Ayalon suggested that Prime Minister Binyamin Netanyahu appoint Liberman finance, not foreign, minister in the next government.

“The finance minister is not less important than the foreign minister, and maybe even more important. It would be better for him, and better for the country.”

A spokesman for Liberman responded to Ayalon’s criticism by saying that the former deputy foreign minister praised the job Liberman was doing as foreign minister dozens of times, including in a radio interview on the very morning of the day when he was left off the Israel Beytenu list.

“It is therefore clear that Ayalon’s remarks flow from vengeance and frustration, and do not deserve a response,” the spokesman said.

Ayalon said the main reason for Liberman’s ineffectiveness as foreign minister was because at the very outset he recused himself from the Palestinian issue, saying that because he lived in Nokdim, it would be a conflict of interest for him to work on this issue.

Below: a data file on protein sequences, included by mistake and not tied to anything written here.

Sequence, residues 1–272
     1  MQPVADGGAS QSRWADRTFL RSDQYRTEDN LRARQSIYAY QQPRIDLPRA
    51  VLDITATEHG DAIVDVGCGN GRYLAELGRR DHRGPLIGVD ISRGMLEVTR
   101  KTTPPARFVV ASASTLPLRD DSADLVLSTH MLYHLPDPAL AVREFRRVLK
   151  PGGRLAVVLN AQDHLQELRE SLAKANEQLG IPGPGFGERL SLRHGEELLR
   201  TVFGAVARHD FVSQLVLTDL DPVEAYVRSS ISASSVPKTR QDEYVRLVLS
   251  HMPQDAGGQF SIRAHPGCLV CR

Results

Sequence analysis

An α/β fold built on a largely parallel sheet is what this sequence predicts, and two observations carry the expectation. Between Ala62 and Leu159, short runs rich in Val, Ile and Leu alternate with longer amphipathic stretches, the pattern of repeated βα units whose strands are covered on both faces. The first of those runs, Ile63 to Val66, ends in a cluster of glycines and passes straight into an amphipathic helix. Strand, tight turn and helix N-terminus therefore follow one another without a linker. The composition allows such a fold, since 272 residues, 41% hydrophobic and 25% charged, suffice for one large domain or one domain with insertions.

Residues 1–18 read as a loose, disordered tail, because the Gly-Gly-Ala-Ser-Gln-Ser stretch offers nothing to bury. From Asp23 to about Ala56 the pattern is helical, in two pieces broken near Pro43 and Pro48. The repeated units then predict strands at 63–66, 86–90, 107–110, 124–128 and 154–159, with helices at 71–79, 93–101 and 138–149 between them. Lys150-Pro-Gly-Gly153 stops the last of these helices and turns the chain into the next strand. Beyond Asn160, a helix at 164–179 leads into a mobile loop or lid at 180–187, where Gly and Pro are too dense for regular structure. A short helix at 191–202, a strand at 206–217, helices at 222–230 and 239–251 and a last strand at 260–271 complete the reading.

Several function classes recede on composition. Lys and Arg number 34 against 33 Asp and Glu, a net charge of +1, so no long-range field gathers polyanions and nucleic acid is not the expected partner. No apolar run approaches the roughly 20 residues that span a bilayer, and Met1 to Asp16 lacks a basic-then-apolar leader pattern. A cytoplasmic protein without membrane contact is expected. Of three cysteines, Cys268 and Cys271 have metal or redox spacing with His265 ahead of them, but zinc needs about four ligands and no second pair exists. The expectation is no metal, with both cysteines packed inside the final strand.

The world, Ayalon said, interpreted this as an excuse, and believed he simply did not want to deal with an issue that was not politically popular. This hurt Liberman’s credibility, he said, and he was seen “more as a politician who did not want to go against his constituency in Israel than as a statesman.”

Ayalon said the impression that Liberman was more politician than statesman was further hammered home to the international community when he addressed the United Nations in September 2010, and essentially contradicted policies Netanyahu espoused at the time.

This was during that brief period when Netanyahu and Palestinian Authority President Mahmoud Abbas were actually talking. Liberman, addressing the world body, called for a long term interim agreement and said the guiding principle in drawing up an agreement with the Palestinians should not be land for peace, but rather redrawing the borders and swapping populated territory.

“This speech put him in an awkward position, because it looked as if he did not represent the government,” Ayalon said, adding that the speech was seen as a political address directed at his own constituency.

“It gave the wrong perception that Israel is belligerent, aggressive, and most of all that it does not speak in one voice,” he said. He added that Israel was hindered by the impression that it had neither a clear strategy, nor a direction.